A couple of months ago, I wrote about why I’m not a stay-at-home mom. And believe me, it wasn’t all that controversial. I basically just outlined the reasons that I have chosen to work despite the fact that I have kids. If you want to read that post, you can find it here:
Anyway, I recently got a comment on this post that was so ridiculous that I thought it deserved its own blog post. Let’s begin, shall we? This is what I woke up to on Saturday morning:
After reading most of your thoughts its 100% clear that you do not want to be a full time mother. You really care about what YOU want and all your choices revolve exactly around what you want and what makes you happy. I hate to break your happy bubble but putting kids on daycare is not the best for them. But clearly, your comfort and happiness and money bring you more satisfaction than taking care of your kids. Its terribly exhausting to be a sahm and there’s no money, so your heart has to be in a place of self sacrifice and you must give everything of yourself to be patient and loving when you want them to relax. I just don’t agree that getting rid of your kids full or part time each day is right. Please do not disrespect sahm mothers who make cupcakes because they are practicing and are developing qualities of a good mother. Someone who is patient, loving and giving not someone who pushes them away because she cant stand them. Being a good sahm is hard. You have to exercise serious discipline to not blow up all the time. But if you never practice you never develop it. Notice i say a Good sahm. I dont agree that doing whats best for You translates into whats also best for everyone.
Yes, I’m a mother. But, do you want to know what else I am? I’m a writer and a poet. I’m a wife and a friend. I have hobbies and interests, many of which have nothing to do with my kids. Becoming a mother shouldn’t require that I give up everything that I am, or that I am no longer allowed to be who I once was.
The argument that all mothers should stay home with their kids is as unrealistic as it is antiquated. I hate to break it to you, but some mothers have to work because their income is desperately needed to balance the books. Other mothers love their career, and would be lost without the many benefits they get while on the job.
Some moms, like me, enjoy contributing to the family finances even if their income isn’t necessarily required. It’s true that our children need our love and attention, but they also need our money. My kids are going to college one day and I am hellbent on helping them avoid the crushing student loan debt that has become a burden for so many young people. The fact that I work has allowed us to buy two rental properties whose monthly income will pay for my kid’s college. If I did not work, we would likely not be in that position, now or ever.
This Isn’t the 1950’s
Why on Earth are mothers the only ones who get shamed for not staying home with the kids? Shit, I made more money than my husband did last year. If anyone should be staying home with the kids, shouldn’t it be him? The children are both of ours, are they not? Where’s his hate mail?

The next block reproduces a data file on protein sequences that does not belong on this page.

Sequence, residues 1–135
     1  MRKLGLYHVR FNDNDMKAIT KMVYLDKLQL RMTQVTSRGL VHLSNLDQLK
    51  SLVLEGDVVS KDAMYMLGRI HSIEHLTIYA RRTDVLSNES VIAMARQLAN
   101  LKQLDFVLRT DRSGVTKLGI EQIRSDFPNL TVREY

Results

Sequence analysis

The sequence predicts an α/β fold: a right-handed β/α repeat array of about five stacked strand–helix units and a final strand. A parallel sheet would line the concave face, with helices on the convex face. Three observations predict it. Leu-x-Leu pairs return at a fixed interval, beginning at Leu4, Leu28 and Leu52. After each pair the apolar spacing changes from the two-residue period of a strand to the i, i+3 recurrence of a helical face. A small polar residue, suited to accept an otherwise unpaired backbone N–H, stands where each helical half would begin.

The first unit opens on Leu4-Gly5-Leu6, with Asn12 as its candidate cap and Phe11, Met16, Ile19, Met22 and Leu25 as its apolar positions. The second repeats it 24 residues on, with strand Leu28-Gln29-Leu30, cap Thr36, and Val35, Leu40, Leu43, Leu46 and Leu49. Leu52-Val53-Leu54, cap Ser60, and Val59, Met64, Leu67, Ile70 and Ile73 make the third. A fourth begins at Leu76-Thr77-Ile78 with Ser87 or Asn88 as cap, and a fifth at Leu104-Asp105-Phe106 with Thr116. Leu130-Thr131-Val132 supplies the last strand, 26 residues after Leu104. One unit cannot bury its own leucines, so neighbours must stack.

This isn’t the 1950’s. Women are pursuing higher education more than ever before, and they actually hold more advanced degrees than men in the U.S. Women are doctors, lawyers, and firefighters. We are college professors, scientists, and astronauts. And considering the fact that women made up 46.9% of the workforce in 2012, the argument that all women who work are automatically bad mothers is a ridiculous one at best.
Daycare Isn’t All Bad
“I hate to break your happy bubble but putting kids in daycare is not the best for them.”
How in the world do you know what’s best for my kids? Have you ever met them? Do you know what their daycare is like? How can you make the blanket statement that daycare is always bad for kids? Are there no exceptions?
My kids have always liked going to daycare and I haven’t had any bad experiences with childcare centers my kids have attended. Sending them to daycare gives them the opportunity for socialization and learning in a group setting. It also lets them spend time with friends and build relationships outside of our immediate family. I’m okay with that.
The Bottom Line
The fact that I work doesn’t mean that I love my kids any less than you do. It doesn’t mean that I don’t want to be with them, or that I am somehow an awful mother. All it means is that we’ve decided that the income I earn is worth more to us than having a stay-at-home parent. Another couple in our situation might choose to do the opposite, and that’s okay. They are not us, and we are not them, capiche?
Women should stop spending so much time tearing each other down. I’ve written before about how easy it is to judge a mother, and it’s true- especially when it comes to the debate of whether or not a woman should work. If you want to stay at home with your kids, then do it. Mothers who choose to stay home with their kids are obviously doing a wonderful thing. However, I disagree with anyone who says that all working mothers are trying to flee their responsibilities or don’t really want to take care of their kids. It simply isn’t true.
You want more thoughts on parenting and money? Huzzah! Ask and you shall receive:
- What I Want My Kids to Know About Money
- Having Kids: Is It Worth It?
- 5 Personal Finance Lies Your Parents Told You
- Marriage and Money: How We Make It Work
- Separate Finances: A Recipe for Marital Disaster
- Middle America: You Can Have Kids Without Going Broke